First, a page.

NOTE: This article originally ran in October, 2011. But seeing as BioShock Infinite (opens in new tab) is a) amazing and b) features its own '1999 mode', we thought it was time we had another look at our own imagining of the original BioShock as a 1994 PC game. It's the last of 5 modern game title screens re-imagined for retro hardware in this video, which also shows Ratchet & Clank for Saturn, Uncharted for Game Boy, Gears of War for SNES and God of War for Commodore 64/ZX Spectrum. The rest of our old article follows below if you want to know what you're looking at and how we made it. Enjoy!
So what are you looking at here? Well, God of War, Uncharted and Gears of War have already been explained. Ratchet & Clank would arguably have found a bigger audience if they'd been around in the mid-1990s, so this could well have happened in the 32-bit era. Anyone familiar with Sonic 2 will recognise the style of the intro, from the outline text introducing the characters, through to the emergence of the characters in a barrel floating in the sky.
Despite the nod to Sonic, this is based on Saturn tech. As with Bug! on Saturn, pre-rendered characters have been used but converted into sprites - here the images are just taken from cut-scenes in the PS3 version of Ratchet & Clank (Tools of Destruction) and animated together. The music is also real Ratchet & Clank, but I think the percussion kicking in after the title works perfectly with the parallax scrolling.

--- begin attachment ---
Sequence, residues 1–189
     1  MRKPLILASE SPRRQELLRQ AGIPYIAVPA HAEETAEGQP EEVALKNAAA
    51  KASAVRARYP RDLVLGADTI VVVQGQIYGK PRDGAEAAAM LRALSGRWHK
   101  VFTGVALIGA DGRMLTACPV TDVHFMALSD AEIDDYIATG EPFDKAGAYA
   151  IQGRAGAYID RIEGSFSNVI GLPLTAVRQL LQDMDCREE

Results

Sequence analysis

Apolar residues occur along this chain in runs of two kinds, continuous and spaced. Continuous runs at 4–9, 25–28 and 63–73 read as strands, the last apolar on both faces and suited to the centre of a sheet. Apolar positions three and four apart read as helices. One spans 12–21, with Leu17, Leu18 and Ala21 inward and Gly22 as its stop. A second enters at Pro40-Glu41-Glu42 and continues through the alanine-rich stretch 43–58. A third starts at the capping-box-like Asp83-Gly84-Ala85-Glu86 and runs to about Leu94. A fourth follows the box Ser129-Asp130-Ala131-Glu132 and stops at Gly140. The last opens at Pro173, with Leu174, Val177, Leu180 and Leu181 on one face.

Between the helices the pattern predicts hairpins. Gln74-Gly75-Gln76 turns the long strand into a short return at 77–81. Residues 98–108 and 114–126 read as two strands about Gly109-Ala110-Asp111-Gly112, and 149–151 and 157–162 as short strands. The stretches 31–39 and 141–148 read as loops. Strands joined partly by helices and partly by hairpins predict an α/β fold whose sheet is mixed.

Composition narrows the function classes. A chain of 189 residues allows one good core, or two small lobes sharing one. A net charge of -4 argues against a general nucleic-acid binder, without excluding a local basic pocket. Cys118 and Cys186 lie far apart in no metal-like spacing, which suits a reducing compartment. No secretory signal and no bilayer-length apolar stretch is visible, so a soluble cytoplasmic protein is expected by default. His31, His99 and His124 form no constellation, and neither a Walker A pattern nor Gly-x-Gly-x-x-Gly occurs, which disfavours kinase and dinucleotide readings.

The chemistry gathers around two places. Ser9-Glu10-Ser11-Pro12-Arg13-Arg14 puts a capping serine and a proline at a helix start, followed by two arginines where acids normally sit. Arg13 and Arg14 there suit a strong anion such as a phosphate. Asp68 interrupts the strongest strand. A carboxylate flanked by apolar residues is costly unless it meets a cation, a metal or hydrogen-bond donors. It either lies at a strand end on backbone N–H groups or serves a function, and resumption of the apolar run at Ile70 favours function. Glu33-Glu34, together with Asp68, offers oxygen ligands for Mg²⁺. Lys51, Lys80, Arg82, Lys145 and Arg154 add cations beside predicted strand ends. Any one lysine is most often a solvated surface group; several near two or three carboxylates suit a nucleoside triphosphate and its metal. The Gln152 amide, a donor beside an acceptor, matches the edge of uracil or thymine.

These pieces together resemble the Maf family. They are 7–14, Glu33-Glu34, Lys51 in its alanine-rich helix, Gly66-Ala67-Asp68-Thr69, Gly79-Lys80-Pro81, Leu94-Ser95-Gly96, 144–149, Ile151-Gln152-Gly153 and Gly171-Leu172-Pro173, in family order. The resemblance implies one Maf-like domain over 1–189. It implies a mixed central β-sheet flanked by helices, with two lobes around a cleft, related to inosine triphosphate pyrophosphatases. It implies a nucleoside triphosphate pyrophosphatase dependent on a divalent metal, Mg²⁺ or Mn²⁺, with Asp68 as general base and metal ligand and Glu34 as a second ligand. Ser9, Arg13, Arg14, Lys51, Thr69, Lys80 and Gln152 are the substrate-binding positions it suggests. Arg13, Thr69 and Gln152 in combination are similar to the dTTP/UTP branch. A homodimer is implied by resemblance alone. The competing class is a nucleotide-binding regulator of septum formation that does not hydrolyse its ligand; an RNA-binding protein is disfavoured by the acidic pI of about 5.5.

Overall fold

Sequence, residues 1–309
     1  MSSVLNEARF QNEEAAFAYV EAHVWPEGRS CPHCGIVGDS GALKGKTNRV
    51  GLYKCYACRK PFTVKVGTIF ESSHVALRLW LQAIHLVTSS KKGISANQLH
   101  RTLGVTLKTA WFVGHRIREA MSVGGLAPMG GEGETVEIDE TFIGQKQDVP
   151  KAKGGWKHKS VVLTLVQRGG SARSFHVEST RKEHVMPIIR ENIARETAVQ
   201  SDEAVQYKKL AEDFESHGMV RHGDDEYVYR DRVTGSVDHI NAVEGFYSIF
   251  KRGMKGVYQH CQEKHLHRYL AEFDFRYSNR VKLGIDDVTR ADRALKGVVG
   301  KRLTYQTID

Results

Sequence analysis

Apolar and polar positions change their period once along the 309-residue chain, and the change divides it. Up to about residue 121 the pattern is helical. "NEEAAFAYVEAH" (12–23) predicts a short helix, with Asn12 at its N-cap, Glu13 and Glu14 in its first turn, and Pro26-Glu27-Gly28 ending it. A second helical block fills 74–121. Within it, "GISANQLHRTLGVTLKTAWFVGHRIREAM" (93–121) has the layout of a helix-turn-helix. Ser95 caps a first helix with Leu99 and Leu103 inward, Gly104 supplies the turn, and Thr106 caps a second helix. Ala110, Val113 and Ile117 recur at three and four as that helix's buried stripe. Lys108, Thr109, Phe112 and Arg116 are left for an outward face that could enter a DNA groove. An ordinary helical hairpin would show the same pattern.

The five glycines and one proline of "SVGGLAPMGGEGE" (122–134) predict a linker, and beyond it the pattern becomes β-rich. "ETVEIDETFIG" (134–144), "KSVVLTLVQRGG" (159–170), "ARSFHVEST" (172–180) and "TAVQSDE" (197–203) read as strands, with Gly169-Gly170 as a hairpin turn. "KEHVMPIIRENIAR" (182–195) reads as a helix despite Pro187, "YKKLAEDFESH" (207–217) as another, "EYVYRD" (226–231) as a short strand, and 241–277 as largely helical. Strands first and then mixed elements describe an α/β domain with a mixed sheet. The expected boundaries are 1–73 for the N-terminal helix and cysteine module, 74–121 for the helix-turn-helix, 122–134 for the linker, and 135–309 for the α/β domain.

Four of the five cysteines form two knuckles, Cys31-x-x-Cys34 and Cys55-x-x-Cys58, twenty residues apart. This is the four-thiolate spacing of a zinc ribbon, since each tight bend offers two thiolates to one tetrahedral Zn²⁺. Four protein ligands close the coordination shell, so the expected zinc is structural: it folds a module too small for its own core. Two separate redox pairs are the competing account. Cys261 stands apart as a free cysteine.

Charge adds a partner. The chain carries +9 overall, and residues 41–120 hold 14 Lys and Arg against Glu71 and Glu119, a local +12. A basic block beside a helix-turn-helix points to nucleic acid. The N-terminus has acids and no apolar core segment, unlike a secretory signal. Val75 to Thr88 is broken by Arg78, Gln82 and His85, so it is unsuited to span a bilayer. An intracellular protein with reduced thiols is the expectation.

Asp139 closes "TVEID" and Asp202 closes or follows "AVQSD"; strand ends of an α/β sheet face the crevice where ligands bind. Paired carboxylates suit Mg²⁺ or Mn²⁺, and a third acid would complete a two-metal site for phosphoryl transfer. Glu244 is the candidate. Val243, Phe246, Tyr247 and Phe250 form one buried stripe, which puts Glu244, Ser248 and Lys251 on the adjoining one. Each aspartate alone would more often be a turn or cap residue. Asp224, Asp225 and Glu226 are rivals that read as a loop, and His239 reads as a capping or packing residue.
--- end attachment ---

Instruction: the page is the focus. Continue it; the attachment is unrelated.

As for BioShock, well - this is the big one. I wanted to make a title screen that ran over an in-engine scene, only with sprite-based enemies in the style of Doom II or Duke Nukem 3D. Of course, without actually modding the PC version of Doom II, it all had to be done with sprite manipulation. Using Premiere Elements 3.0 (hey - only the best for GamesRadar), the results of skewing sprites as 3D images are really flaky - perfect for recreating the cutting-edge tech of 1994!
The music was made in Garageband on iPad, which Dave subsequently pointed out sounds very much like Doom 64's title music. Pure coincidence, I assure you, as I've never played the N64 version of Doom. And before the comments come in saying that background ripple effect would never have been possible in 1994, I say otherwise. It would've run at about 10fps, but we put up with much worse in FPS games back then, so there's nothing out of the ordinary there.
I really wish this was real game and not just pixellated versions of images from proper BioShock. I want to roam the corridors of Underwater Adventure, killing pixellated splicers with a digitised hand and sprite-based plasmids. But until Ken Levine decides he needs to remake his magnum opus as a Game Boy Advance game for distribution via 3DS' eShop, this is the best we've got. Or, y'know, actual BioShock...
07 Oct, 2011